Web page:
The Office “IT Guys”: Refuting (and Embracing) Stereotypes About Tech Support and IT Providers

What pop culture gets wrong — and right — about IT support

Nelson Franklin as “Nick the IT Guy,” alongside Steve Carell’s Michael Scott

You’d be hard-pressed to put together a group of people in any American workplace who can’t recite a few lines from the iconic TV show The Office. Indeed, the show (Netflix’s most-watched-show in history until the series was reclaimed by its creator network NBC to run on their new streaming Peacock platform on January 1st) is still such an American obsession nearly a decade after ending that pop culture columnists, academics, and even psychologists continue to write think-pieces on it. The general consensus? For all its brilliance in putting ridiculous humor to the standard-issue denizens of the SMB workplace, the characters are recognizable to us in our own everyday lives at work: sometimes redundant, awkward, and full of the same relatable insecurities and dynamic quirkery.

To some of us, the genius of The Office is built-out by the familiarity of its peripheral caricatures. (Don’t we all know a Bob Vance, the firm-handshake of a business owner who can’t sever his personal identity from that of his namesake company?) But knowing the show draws from widely-held perceptions to build out archetypes of the characters encountered in a modern office, the minor appearances of IT service technicians Nick and Sadiq offer us IT providers a mirror reminder of some of the truths (and inaccurate stereotypes) of our role.

From the IT service team at Level5 Management, here’s our take on a list of stereotypes about IT support technicians and the IT service provider role — as garnered from The Office and elsewhere in pop culture.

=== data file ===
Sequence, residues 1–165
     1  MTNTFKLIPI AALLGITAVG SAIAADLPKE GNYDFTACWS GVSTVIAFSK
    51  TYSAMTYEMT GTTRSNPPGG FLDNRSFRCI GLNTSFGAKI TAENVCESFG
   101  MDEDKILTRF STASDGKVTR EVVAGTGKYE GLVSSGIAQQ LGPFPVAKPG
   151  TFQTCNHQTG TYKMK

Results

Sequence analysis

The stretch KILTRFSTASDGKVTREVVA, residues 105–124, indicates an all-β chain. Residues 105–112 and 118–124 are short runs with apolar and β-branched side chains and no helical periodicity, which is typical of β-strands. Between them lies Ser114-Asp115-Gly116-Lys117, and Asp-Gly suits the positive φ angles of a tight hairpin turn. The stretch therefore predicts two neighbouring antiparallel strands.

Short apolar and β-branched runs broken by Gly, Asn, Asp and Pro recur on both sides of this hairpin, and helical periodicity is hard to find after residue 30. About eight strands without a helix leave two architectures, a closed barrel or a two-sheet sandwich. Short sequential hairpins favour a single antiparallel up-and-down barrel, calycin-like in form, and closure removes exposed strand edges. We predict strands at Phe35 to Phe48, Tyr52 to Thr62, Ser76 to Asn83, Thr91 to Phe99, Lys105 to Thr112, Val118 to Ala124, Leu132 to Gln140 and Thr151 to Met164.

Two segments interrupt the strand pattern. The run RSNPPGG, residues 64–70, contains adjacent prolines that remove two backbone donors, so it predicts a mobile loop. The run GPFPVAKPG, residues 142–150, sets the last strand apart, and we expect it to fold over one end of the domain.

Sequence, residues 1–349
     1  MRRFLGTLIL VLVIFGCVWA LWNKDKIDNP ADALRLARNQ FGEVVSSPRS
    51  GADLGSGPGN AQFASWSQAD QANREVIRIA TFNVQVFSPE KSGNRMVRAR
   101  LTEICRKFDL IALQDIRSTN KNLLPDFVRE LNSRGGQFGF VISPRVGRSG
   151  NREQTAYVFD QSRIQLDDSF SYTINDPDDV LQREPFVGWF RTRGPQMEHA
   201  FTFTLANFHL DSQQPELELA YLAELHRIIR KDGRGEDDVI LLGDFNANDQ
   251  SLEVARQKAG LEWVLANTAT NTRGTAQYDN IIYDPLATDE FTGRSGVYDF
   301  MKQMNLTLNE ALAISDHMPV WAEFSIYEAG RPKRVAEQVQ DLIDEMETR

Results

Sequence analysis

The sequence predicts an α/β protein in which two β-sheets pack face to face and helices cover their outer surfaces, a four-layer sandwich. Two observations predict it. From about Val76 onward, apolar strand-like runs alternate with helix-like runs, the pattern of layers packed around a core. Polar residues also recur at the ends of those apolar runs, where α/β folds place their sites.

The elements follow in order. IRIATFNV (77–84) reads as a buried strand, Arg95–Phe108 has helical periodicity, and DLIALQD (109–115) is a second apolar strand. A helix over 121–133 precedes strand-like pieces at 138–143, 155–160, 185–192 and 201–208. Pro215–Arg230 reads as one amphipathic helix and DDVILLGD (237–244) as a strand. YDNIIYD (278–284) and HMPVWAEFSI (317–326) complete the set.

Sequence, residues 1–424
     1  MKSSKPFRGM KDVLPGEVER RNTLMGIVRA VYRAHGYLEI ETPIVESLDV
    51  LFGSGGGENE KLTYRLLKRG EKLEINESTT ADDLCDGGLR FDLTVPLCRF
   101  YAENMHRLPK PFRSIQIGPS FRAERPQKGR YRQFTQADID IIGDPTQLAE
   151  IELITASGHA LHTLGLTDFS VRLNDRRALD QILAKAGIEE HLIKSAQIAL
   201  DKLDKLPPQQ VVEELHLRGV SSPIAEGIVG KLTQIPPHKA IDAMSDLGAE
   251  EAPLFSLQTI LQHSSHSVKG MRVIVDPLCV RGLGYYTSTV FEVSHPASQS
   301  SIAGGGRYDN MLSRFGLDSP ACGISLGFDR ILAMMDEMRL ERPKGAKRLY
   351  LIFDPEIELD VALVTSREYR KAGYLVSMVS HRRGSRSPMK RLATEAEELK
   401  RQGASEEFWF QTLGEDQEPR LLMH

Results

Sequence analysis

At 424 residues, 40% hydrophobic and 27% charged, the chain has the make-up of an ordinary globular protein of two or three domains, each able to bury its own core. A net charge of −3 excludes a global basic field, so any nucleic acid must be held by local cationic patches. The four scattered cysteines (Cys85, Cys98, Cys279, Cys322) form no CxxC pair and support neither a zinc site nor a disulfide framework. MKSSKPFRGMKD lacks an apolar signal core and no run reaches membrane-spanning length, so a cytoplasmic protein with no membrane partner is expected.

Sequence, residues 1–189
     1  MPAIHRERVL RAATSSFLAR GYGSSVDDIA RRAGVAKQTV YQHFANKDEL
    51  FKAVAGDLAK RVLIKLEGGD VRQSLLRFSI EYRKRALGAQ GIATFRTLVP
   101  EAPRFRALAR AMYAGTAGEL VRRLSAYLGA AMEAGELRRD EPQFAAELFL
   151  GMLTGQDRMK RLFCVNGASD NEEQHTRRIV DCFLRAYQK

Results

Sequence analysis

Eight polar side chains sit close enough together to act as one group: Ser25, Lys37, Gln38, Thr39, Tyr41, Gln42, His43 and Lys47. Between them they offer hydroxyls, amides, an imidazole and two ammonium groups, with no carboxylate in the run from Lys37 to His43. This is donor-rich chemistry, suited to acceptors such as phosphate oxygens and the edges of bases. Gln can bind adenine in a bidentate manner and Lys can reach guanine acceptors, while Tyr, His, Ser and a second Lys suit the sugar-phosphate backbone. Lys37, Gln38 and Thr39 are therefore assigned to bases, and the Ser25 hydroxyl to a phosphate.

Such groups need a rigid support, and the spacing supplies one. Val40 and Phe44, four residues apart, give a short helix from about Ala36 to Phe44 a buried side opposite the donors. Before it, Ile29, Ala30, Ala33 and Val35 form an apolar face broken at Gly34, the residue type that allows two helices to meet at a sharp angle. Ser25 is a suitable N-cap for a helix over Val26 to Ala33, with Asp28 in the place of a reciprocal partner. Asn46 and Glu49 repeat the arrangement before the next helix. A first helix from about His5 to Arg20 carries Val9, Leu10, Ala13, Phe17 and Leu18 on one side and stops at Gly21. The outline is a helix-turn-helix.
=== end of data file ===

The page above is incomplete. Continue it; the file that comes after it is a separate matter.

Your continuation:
PERCEPTION #1: The role an IT providers plays in a company is a small one.

REALITY: By nature, the best IT providers play supporting roles, but not minor ones. It’s your show, and you and your team are always the leading characters we are here to support. But behind the scenes, our responsibility and the role we play in your business’s success is enormous. In 2021, with every manner of global and local business dependent on technology for such a large portion of their operations, the IT provider is an indispensable part of any company — whether it’s an internal IT department or an outsourced IT company acting as a partner. It is quite literally our job to keep your business open and running.

PERCEPTION #2: IT professionals are socially awkward “nerd” types and their presence is generally unnoticeable or unwelcome.

In one often-quoted scene of The Office, Nick the IT guy eagerly tries to join the office conversation about Pam’s impending labor as she waits to go to the hospital.

Nick: Well, you don’t wanna wait too long Pam. Otherwise the baby’s going to become a teenager in there and, uh, you’ll be up all night. From the rock music.

Michael Scott: Shut up, Nick! God. Weird thing to say. Weird IT nerd. Don’t get revenge on me, nerd.

REALITY: Maybe this is evidence of our nerdiness in and of itself, but because we appreciate data, we can rely on organizational psychologists and their years of research to give us some insight into the accuracy of generalizations about IT personalities.

Contrary to how we are portrayed in films, studies using the Jungian personality traits or Myers-Briggs personality typing have found a prevalence of Extrovert types vs Introverts in IT, Thinkers vs Feelers, as well as Perceivers vs Judgers.

To be fair, we definitely see where the tendency to put analytical thinking before emotions can come off as being less social. At Level5, however, a keen emotional intelligence is a prerequisite for being part of our extraordinary company. Part of what makes our team of South Florida IT service experts so unique is that it’s been carefully curated for personality as well as IT experience and skill. We put a lot of emphasis on building trust and rapport with our client and their employees, who see us as an extension of their own teams. Personality counts for a lot in our world. We will never be the “weird IT guys,” we promise.

The employees of fictional Dunder Mifflin relied on technology to sell their paper products to a “paperless world.” (Photo by: Tyler Golden/NBC)

PERCEPTION #3: Your IT team is looking at all your private information.